Food Embargoes against China: Their Likelihood and Potential Consequences
AbstractChina’s concern over its food security has increased in recent years as it opens up its domestic food market to the rest of the world. Chinese policymakers often regard food embargoes by the West as a major potential threat to food security. This paper examines the likelihood and consequences of food embargoes against China. The paper concludes that food embargoes are unlikely to occur, and even if they did, the damage that they could inflict on China is probably small. As a deterrent to such actions, however, international rules governing food embargoes should be strengthened. This will give food-importing countries greater confidence in liberalising trade and will weaken the argument for agricultural protection on the grounds of national security.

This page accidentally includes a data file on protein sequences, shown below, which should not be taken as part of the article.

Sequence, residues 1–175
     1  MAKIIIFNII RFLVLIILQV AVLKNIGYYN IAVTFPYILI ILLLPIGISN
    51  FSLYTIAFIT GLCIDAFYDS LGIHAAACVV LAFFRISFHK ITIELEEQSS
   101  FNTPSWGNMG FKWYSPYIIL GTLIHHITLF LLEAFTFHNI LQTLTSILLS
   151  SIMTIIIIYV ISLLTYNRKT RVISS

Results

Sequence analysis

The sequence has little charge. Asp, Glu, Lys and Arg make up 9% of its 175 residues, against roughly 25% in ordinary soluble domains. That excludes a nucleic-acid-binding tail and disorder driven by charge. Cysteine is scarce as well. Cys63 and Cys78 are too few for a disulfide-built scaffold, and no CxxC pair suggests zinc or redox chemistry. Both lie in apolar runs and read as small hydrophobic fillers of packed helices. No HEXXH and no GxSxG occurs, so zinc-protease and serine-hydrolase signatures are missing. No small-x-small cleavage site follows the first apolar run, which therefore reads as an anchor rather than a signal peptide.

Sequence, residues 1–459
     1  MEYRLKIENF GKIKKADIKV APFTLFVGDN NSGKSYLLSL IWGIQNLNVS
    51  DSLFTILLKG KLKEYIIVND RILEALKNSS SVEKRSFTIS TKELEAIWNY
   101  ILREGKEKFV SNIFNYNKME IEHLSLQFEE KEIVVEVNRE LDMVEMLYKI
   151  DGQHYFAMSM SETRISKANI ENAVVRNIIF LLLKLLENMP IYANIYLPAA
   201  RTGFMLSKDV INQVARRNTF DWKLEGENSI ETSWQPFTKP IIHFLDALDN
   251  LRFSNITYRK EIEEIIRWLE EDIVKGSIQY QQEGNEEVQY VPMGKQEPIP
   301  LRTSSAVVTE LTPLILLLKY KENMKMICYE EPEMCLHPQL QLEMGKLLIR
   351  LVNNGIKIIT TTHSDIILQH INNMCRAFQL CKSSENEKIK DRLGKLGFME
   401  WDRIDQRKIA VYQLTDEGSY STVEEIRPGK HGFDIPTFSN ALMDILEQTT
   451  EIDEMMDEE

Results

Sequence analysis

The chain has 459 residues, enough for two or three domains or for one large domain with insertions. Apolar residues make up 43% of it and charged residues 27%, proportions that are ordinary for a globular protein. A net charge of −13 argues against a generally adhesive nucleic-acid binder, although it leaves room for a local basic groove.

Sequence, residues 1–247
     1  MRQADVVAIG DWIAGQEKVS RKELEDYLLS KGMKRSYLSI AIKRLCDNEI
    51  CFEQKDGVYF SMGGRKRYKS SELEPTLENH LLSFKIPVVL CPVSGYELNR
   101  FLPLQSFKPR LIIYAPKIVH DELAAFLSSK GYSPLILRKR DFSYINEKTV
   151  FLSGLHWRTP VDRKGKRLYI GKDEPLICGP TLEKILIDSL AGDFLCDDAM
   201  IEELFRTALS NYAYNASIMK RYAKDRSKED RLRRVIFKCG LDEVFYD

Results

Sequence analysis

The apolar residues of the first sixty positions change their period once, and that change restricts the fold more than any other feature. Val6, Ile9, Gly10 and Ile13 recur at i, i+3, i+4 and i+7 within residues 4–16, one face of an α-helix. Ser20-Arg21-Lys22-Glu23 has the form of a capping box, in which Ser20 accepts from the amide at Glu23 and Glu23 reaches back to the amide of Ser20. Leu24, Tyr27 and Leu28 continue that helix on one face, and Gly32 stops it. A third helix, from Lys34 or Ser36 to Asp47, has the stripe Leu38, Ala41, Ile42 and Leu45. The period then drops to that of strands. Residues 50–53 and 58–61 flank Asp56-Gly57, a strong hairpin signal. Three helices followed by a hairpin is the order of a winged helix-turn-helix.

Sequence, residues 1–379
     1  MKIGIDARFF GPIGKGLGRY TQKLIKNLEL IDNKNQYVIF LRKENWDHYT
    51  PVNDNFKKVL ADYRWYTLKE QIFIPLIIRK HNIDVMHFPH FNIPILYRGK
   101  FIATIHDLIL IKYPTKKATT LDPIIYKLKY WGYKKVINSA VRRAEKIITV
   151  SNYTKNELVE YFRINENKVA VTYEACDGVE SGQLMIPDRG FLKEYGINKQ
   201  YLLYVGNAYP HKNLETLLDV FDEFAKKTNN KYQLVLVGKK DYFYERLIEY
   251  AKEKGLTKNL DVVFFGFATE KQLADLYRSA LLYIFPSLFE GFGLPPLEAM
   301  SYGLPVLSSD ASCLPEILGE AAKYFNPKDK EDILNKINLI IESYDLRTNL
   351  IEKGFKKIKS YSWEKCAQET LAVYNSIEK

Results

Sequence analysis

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Bibliographic InfoPaper provided by Australia-Japan Research Centre, Crawford School of Public Policy, The Australian National University in its series Asia Pacific Economic Papers with number 304.
Length: 21 pages
Date of creation: Jun 2000
Date of revision:
Find related papers by JEL classification:
- Q1 - Agricultural and Natural Resource Economics; Environmental and Ecological Economics - - Agriculture
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